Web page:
Texts show Utah Sen. Lee’s early work to overturn election
Apr 15, 2022, 6:54 PM | Updated: 7:02 pm
SALT LAKE CITY (AP) — Utah Sen. Mike Lee worked on early efforts to overturn the results of the 2020 election, helping push legally dubious schemes to keep then-President Donald Trump in power, before he shifted course and quickly backed away.
His efforts, revealed in text messages obtained by the House panel investigating the deadly insurrection at the U.S. Capitol on Jan. 6, 2021, drew quick condemnation Friday from his reelection challengers.
Text messages between the Republican senator and then-White House chief of staff Mark Meadows detail how Lee encouraged top Trump advisers to embrace Sidney Powell, a Republican lawyer who later spread wild and baseless claims of a rigged election.
The messages from Lee to Meadows — and messages from Texas Republican Rep. Chip Roy to Meadows — were reported on and published Friday by CNN.
They show Lee’s efforts to assist Trump began Nov. 7 and included early support for Powell. Later, Lee explored a plan to encourage state legislatures to alter the outcome of the 2020 election by appointing alternate electors.
At one point, Lee said he was working “14 hour days” assisting Trump. At another he asked Meadows, “Please tell me what I should be saying.”
By mid-November, however, the messages show Lee beginning to lose confidence in Powell and, eventually, the alternate electors plan. He also questioned efforts to object to the vote certification after no evidence of widespread fraud emerged.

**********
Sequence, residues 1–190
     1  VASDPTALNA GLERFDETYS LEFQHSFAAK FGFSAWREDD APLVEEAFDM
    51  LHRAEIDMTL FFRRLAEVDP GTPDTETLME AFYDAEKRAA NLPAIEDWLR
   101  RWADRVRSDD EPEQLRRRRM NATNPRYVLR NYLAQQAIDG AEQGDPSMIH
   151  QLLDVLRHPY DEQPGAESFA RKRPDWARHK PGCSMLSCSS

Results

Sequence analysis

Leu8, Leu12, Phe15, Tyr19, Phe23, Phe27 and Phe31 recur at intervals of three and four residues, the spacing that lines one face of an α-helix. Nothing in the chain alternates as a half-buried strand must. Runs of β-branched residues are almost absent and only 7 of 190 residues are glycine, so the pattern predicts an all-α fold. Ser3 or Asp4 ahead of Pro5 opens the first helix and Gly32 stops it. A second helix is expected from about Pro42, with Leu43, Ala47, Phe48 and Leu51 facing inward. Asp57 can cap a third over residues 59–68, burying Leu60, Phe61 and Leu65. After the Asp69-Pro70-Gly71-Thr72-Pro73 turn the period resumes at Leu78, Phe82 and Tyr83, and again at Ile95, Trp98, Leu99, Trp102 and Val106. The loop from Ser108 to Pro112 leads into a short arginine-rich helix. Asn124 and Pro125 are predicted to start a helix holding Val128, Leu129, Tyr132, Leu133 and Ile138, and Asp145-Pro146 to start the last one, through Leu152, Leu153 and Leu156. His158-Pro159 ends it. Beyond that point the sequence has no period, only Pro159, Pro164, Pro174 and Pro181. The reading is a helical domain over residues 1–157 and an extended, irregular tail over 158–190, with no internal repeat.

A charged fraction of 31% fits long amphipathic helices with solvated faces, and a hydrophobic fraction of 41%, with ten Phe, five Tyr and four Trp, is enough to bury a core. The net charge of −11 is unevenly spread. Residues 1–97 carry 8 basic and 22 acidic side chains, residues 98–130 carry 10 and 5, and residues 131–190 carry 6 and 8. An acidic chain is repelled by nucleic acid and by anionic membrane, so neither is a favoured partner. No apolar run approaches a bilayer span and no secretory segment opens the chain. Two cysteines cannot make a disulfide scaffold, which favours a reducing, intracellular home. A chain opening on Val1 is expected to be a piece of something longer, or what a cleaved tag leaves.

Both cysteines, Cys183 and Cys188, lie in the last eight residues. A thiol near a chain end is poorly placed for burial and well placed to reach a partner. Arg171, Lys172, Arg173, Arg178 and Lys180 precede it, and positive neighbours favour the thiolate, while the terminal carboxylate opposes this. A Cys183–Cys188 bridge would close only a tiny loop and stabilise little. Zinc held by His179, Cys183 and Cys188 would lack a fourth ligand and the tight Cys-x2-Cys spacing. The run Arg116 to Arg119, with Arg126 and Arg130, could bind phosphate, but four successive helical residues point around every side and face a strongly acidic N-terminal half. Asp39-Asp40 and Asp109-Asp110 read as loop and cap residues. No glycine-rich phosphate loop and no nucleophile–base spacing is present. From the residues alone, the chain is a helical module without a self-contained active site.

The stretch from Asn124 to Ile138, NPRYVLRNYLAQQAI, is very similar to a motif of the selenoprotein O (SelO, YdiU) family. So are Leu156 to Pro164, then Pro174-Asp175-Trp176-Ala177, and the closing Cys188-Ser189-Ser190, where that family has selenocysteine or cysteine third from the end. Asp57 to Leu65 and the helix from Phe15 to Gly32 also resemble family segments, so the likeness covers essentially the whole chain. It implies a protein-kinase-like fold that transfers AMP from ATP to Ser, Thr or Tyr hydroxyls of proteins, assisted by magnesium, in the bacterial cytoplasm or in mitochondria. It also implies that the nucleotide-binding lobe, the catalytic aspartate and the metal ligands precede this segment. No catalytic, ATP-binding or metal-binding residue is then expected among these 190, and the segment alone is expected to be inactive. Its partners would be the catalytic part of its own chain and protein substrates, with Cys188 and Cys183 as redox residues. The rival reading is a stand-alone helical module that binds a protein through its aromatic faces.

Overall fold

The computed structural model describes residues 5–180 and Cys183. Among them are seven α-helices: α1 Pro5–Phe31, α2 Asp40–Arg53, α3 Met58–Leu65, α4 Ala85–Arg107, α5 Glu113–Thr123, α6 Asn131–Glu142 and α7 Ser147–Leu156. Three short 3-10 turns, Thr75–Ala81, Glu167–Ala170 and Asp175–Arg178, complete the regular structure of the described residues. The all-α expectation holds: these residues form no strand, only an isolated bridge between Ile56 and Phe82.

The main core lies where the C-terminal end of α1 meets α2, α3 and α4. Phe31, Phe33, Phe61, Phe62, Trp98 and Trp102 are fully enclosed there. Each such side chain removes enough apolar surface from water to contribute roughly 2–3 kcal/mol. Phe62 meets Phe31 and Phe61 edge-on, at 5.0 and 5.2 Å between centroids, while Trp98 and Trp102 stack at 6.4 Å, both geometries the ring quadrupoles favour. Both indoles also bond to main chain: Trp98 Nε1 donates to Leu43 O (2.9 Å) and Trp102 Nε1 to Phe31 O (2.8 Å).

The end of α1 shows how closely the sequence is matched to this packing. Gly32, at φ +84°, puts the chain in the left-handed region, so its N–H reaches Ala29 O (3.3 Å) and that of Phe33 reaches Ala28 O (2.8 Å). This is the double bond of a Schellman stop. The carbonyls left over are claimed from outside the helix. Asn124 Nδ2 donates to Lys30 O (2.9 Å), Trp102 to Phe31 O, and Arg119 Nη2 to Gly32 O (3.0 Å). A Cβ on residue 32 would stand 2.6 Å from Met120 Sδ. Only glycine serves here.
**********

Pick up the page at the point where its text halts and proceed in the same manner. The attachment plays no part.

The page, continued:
“I only know that this will end badly for the President unless we have the Constitution on our side,” Lee wrote to Meadows.
He and Roy did not join congressional Republicans who objected to the results when they were certified in January.
Still, Lee’s Republican primary opponent Becky Edwards, a former state lawmaker, said the messages show Lee “researched overturning a lawful, democratic election for partisan and political gain … he allowed the situation to continue and enabled those seeking to keep themselves in power, no matter the consequences.”
Ally Isom, a former gubernatorial deputy chief of staff who is also challenging Lee, said the messages show he is “more concerned with playing DC games” than with representing people in Utah. “I am a classic conservative,” she said in a statement.
Independent Evan McMullin, a former presidential candidate, also criticized Lee on Twitter.
Lee’s spokesman, for his part, said the senator did follow the Constitution and the messages “tell the same story Sen. Lee told from the floor of the Senate the day he voted to certify the election results.”
Lee’s messages are the latest example of high-profile Republicans pushing Meadows to challenge the election results.
Last month, The Washington Post and CBS reported that Ginni Thomas, wife of Supreme Court Justice Clarence Thomas, also texted Meadows repeatedly imploring him to act to overturn the 2020 election. Her involvement in the efforts have raised concerns about her husband’s potential involvement in any cases involving the election or the Jan. 6 insurrection.
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